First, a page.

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Researchers Reconstruct Spread Of Bird Flu From China

Multiple strains of the virus originated in southern Guangdong province of China, and spread out.

H5 bird flu found in Tibet poultry
Beijing (AFP) Mar 06 - Poultry in the Tibetan capital Lhasa have tested positive for bird flu, state media said on Tuesday. The H5 virus was confirmed after birds died at a market on March 1, Xinhua news agency said, quoting China's agriculture ministry. The market has been closed and poultry culled to stop the spread of the virus, which experts believe was introduced by migrating birds. The H5N1 strain potentially deadly to humans was confirmed at a farm near Lhasa in August 2005, prompting a cull of chickens. Xinhua said three wild birds and two poultry birds tested positive for the H5 virus in the south-western province of Fujian this month, where a woman farmer is critically ill with H5N1. The H5N1 strain has killed around 160 people across the world since late 2003 through contact with infected birds.
by Staff Writers
Washington (AFP) Mar 06, 2007
US researchers have reconstructed the evolution of avian flu and its spread over the past decade from its first origins in southern China, according to a new study. The team from Irvine University in California combined genetic and geographic data for the H5N1 virus, identifying many of the migration routes through which the strains spread across Asia and then around the globe.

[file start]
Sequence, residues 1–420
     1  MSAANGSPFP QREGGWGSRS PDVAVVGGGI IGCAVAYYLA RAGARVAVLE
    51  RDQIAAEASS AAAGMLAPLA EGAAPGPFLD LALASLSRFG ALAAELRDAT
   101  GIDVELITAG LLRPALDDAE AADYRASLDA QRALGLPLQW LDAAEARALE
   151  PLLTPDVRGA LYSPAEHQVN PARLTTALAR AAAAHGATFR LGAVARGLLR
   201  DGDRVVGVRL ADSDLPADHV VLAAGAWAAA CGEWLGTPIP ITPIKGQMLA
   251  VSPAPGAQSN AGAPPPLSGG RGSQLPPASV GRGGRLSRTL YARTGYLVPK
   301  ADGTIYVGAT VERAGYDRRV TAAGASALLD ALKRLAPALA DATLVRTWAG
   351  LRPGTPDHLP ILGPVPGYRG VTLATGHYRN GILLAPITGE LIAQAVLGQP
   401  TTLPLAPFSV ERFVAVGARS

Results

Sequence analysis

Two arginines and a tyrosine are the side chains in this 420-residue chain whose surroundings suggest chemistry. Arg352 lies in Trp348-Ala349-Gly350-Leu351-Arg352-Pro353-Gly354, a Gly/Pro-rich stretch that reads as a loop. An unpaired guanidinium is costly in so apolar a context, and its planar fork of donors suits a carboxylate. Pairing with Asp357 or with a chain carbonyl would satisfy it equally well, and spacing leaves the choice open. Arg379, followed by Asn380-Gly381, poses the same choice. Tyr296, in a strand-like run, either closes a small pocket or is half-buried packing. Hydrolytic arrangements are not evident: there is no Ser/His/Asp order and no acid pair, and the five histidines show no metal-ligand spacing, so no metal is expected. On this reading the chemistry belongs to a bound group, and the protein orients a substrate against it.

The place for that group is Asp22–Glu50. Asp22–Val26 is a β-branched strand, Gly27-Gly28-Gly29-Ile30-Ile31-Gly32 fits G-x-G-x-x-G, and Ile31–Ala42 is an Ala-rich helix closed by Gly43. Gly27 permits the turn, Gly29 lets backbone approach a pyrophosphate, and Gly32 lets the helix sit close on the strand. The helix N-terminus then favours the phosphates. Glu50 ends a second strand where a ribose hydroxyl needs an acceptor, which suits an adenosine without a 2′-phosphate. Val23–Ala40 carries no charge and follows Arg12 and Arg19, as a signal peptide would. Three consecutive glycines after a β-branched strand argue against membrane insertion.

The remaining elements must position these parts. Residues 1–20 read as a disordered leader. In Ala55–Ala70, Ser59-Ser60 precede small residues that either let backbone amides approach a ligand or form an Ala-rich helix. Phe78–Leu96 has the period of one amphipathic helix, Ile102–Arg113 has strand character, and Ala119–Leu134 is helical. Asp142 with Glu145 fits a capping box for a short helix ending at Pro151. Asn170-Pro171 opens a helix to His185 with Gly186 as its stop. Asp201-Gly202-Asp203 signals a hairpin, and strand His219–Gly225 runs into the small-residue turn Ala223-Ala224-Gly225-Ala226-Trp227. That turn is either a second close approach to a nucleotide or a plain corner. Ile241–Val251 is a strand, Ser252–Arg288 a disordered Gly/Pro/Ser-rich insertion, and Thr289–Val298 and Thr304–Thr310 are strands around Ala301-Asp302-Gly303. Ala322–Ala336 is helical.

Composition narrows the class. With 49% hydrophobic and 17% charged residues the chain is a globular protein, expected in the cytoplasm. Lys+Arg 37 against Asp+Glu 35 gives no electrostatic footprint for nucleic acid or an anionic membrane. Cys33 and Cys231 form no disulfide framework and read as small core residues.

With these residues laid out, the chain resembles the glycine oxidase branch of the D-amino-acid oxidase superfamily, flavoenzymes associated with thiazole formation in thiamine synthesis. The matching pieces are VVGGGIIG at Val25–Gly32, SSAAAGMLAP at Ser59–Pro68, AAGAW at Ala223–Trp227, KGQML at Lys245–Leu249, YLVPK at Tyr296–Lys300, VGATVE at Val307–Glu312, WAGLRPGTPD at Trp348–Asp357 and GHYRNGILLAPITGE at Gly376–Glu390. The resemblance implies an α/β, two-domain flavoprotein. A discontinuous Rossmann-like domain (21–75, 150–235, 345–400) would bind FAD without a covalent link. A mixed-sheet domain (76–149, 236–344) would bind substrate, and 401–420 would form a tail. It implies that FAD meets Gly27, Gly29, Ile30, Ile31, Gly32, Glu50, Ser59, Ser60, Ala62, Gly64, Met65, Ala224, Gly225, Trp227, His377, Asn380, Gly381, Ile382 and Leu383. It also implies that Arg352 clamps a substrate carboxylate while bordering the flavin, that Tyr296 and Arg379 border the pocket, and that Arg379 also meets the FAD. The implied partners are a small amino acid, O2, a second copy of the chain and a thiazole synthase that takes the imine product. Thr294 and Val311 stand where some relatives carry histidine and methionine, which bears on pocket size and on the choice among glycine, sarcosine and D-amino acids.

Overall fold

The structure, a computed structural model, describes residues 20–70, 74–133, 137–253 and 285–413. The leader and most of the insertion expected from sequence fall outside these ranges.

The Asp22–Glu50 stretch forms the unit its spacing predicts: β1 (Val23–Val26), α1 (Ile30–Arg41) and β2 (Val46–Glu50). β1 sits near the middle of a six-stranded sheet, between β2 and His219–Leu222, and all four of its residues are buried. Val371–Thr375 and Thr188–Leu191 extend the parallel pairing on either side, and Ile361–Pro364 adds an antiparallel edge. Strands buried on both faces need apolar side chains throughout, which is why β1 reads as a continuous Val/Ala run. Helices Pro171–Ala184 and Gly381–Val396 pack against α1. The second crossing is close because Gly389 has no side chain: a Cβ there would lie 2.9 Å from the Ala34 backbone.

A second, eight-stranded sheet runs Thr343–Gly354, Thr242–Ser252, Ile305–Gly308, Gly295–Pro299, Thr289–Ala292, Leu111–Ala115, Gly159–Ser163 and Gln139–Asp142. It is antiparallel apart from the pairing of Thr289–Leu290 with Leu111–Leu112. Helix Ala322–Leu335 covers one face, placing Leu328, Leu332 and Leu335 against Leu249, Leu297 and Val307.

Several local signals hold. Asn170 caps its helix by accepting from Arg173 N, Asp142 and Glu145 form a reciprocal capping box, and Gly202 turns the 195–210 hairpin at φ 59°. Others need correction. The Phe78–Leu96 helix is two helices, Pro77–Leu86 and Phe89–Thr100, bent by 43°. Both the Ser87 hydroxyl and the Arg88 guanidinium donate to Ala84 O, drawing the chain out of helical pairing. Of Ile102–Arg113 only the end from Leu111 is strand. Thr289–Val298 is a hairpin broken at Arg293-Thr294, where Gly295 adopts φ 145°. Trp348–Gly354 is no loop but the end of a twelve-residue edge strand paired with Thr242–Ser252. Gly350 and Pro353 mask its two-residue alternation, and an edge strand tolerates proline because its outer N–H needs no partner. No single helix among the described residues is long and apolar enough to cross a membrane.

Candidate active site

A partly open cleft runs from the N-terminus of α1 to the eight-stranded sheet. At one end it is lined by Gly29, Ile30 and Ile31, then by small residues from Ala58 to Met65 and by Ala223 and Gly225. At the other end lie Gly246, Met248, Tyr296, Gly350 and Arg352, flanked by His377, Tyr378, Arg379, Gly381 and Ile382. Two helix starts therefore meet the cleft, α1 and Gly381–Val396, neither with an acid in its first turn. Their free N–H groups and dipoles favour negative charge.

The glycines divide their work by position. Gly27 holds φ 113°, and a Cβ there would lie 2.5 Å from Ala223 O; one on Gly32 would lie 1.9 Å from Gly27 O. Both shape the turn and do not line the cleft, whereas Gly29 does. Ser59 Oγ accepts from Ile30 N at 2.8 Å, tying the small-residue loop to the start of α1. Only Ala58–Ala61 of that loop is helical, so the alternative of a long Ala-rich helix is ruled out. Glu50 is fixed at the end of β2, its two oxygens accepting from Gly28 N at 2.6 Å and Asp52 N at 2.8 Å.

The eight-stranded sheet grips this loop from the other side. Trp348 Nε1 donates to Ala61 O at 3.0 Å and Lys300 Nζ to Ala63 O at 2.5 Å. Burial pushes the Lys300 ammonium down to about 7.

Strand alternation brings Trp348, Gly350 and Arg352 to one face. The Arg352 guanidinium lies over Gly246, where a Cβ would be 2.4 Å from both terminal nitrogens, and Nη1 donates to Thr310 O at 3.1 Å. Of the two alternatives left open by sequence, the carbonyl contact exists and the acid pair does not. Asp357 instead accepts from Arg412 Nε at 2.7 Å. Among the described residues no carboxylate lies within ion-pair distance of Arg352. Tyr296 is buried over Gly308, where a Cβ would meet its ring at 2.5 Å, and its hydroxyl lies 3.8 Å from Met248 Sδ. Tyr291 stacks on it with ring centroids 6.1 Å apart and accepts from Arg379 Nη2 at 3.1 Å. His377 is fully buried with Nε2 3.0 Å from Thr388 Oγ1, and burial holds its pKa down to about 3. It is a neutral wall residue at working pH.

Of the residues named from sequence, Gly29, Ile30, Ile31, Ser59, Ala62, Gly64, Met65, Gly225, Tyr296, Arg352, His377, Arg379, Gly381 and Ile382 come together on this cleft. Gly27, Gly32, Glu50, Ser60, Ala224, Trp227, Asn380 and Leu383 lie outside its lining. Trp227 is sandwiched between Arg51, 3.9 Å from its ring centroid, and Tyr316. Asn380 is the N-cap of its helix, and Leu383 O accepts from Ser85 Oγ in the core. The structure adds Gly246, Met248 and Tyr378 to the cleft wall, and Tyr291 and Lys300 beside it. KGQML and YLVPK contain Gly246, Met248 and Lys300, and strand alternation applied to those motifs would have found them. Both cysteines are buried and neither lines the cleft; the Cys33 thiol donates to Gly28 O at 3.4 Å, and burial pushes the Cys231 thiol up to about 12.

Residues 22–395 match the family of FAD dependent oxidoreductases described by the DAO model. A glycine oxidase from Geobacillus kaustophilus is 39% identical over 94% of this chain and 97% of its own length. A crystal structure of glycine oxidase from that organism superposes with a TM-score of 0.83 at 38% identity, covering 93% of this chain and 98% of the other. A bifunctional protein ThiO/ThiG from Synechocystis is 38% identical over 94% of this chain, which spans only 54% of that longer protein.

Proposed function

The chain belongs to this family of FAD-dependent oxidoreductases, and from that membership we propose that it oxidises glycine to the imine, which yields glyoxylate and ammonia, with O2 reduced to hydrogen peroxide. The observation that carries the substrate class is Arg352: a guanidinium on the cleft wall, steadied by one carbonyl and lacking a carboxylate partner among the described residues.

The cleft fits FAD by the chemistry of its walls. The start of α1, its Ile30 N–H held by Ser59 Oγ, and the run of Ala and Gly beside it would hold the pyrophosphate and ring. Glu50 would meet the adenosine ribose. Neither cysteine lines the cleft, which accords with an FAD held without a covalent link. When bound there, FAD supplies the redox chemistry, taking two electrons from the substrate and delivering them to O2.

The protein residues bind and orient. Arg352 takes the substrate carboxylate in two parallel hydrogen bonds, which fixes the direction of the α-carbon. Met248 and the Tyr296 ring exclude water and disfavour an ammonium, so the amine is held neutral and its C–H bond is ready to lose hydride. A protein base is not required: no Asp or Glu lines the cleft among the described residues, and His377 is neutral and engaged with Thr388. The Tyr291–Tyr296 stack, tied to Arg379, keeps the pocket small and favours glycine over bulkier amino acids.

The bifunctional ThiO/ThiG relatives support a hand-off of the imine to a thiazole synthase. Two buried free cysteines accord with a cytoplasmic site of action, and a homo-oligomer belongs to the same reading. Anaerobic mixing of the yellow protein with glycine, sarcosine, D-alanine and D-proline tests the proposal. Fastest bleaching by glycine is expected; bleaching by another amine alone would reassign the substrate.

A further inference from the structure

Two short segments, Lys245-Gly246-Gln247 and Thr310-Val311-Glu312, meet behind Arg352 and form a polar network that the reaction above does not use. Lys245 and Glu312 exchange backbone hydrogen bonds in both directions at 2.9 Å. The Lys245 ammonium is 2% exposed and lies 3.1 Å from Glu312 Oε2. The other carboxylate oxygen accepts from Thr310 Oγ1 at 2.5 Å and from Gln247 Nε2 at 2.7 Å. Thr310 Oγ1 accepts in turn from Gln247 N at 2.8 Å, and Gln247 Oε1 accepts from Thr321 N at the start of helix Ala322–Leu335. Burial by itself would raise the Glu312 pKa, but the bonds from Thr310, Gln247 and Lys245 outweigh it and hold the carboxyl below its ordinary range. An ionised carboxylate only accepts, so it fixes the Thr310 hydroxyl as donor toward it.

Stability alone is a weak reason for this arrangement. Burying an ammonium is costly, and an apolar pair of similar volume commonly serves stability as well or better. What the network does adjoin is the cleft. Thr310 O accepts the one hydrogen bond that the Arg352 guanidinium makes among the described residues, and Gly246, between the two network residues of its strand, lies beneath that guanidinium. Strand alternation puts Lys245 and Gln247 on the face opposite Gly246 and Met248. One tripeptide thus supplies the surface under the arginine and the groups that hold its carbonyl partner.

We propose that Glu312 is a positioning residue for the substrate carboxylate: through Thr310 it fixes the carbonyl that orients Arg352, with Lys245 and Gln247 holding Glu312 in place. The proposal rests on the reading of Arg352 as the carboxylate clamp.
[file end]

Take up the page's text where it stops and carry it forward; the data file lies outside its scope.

Knowing how strains of the bird flu virus can develop and migrate will help in fighting the spread of the disease, said the study published Monday in the March 6 edition of the Proceedings of the National Academy of Science.

"If you can control the virus at its source, you can control it more efficiently," said Walter Fitch, professor of ecology and evolutionary biology at the School of Biological Sciences and the co-author of the study.

The team found that multiple strains of the virus originated in southern Guangdong province and then travelled outside the region.

"With a road map of where the strain has migrated, you're more likely to isolate the strain that you should be using to make the vaccine," Fitch added.

The research was the first statistical analysis of the geographic spread of the disease which has killed more than 160 people worldwide, according to the World Health Organization (WHO).

From 192 samples gathered from Europe and Asia, researchers found that Guangdong, the home of a large poultry industry, was the source of many of the H5N1 strains that subsequently spread around China and to other countries.

Strains which developed in Southeast Asia were mainly confined to local areas.

"The ability to develop the right mutation allows the virus to hop from one host type to the next," said Robert Wallace, who was lead author on the study.

"By spreading across a large area, the virus in essence can run multiple experiments in multiple locations, increasing the likelihood that it will mutate into a form that can be transmitted from human to human."

World health officials are concerned that the virus could mutate so it could be passed from human to human, and have warned that should that happen there could be a global pandemic.

An influenza pandemic in 1918, just after the end of World War I, killed some 20 million people worldwide.

According to WHO figures, 275 people have fallen ill with the H5N1 virus since it was first identified in Southeast Asia in 2003 and a total of 167 people have died.

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